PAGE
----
1976 The PCI allows women preachers, although evangelical influence begins to strengthen in the 1970’s.

The FPCU starts its first work in North America.

1978 Strengthening evangelical influence in the PCI leads to its suspension of membership of the WCC.

1980 The PCI completely withdraws its membership of the WCC, although it remains a member of other organisations that are members of the WCC.

1989 Associated Presbyterian Church (APC) splits from the Free Presbyterian Church of Scotland (FPCS) over what they see as liberty of conscience. One of the events that precipitate this division was the attendance by Lord Mackay, who was both an elder in the FPCS and the highest judge in the land, at a funeral mass.

1994 The IRA declares a ceasefire, which they later break.

1997 The IRA declares a second ceasefire.

1998 The Good Friday, or Belfast, Agreement – An agreement is signed between the British and Irish governments and endorsed by all the major parties, except the DUP, in Northern Ireland. This is further endorsed by the Ulster electorate.

2000 The Free Church experiences a split into a majority remnant and the Free Church (Continuing) due to lack of discipline regarding the alleged sexual misconduct of its leading theologian, Donald Macleod. The RPCI, not having sufficient evidence regarding this affair, cuts off relations with the majority Free Church due to the lack of discipline over seriously-erroneous theological statements made by the same professor.

Both Free Churches, together with the RP Churches, the FPCS and the APC still sing psalms exclusively without instrumental accompaniment.

2003 First woman moderator of the Church of Scotland.

2007 Ian Paisley MP MLA MEP becomes the First Minister of the NI Assembly (a secondary legislative body under the British Parliament), sharing government with Sinn Fein, the political arm of the IRA. He agrees not to stand for re-election to the office of Moderator of the FPCU, due to concerns within the FPCU about his political role as First Minister, although having held this office every year but one since the formation of the denomination.

The PCI General Assembly votes by a slim majority to receive (not adopt) a report that placates the homosexual community, including those within the denomination.


The Church of Scotland is as bad as the PCUSA, and Scotland is the most liberal nation within the United Kingdom. How are the mighty fallen!

Evangelicals still remain within the Church of Scotland, as in many unfaithful “churches”. Outside the Church of Scotland, the divided nature of the evangelical Presbyterian churches and issues with church discipline continue to be a problem.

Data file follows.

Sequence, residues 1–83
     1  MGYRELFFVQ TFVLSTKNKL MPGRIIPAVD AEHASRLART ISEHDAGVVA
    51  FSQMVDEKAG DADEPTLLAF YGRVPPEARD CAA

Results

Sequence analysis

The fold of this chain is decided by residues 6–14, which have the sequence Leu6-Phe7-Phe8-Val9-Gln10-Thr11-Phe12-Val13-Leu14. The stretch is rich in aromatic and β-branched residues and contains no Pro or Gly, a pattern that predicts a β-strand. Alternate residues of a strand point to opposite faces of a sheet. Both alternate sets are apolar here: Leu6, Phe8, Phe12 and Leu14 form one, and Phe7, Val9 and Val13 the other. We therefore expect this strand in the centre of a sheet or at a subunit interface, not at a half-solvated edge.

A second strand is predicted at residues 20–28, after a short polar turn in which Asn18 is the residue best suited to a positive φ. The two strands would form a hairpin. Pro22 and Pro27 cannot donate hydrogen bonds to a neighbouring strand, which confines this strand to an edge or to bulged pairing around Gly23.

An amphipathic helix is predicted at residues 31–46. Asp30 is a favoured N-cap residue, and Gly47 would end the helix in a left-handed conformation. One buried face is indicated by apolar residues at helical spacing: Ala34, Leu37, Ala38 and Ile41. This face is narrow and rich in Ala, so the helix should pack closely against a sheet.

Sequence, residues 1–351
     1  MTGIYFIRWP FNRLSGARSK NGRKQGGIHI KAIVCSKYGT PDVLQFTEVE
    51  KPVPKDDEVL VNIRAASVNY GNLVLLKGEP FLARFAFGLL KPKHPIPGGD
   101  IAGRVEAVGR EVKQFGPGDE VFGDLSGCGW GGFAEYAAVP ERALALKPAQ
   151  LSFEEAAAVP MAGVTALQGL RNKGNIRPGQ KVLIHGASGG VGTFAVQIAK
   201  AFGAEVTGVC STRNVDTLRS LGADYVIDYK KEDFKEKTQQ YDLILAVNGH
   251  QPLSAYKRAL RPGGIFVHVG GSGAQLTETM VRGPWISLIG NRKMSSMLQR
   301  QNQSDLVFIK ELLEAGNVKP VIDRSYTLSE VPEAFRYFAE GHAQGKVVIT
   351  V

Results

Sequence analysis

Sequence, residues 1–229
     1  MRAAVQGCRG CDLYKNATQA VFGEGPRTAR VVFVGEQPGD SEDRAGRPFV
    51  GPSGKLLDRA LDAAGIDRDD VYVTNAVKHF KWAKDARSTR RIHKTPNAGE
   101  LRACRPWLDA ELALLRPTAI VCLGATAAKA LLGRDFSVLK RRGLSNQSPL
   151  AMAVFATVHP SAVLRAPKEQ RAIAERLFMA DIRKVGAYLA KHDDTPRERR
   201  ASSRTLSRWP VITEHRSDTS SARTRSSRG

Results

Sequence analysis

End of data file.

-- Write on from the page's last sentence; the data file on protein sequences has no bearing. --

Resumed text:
Pray for Scotland’s revival and reformation!


Although traditional Liberalism is not that prevalent in the PCI and it is not beset with the same degree of error as the Church of Scotland, it still has many serious problems. These include ecumenism, charismaticism, downgrade in worship and ethics, a majority inactive and unbelieving membership, and allowing women to be ordained as preachers and elders. In the opinion of some, Church House and its committees are increasingly centralising the rule within the PCI. In the opinion of others, the PCI is undergoing a gradual, but slow reformation. It is undoubtedly true that God is blessing the faithful evangelistic endeavours of a number of PCI churches in the predominantly Roman Catholic Republic of Ireland.

The RPCI and EPC still maintain a strongly Reformed witness, as they have throughout their existence. Despite their small size, these denominations have an increasingly evangelistic emphasis while maintaining historic, Westminster Presbyterianism. The RPCI is actively planting churches and still adheres to the covenanting beliefs of their forefathers. Throughout most of the north and east of Ulster you can’t travel 15 minutes without coming to a Reformed church.

The FPCU also continues to maintain a strong evangelical witness. It is hoped also that it will move towards a more clearly Reformed outlook, both in theology and practice.

Evangelicals continue to have a significant influence in Northern Ireland, including civil government, but this is declining through the choking effects of materialism.

How we need God’s power in true revival in Ireland once more! Pray for this!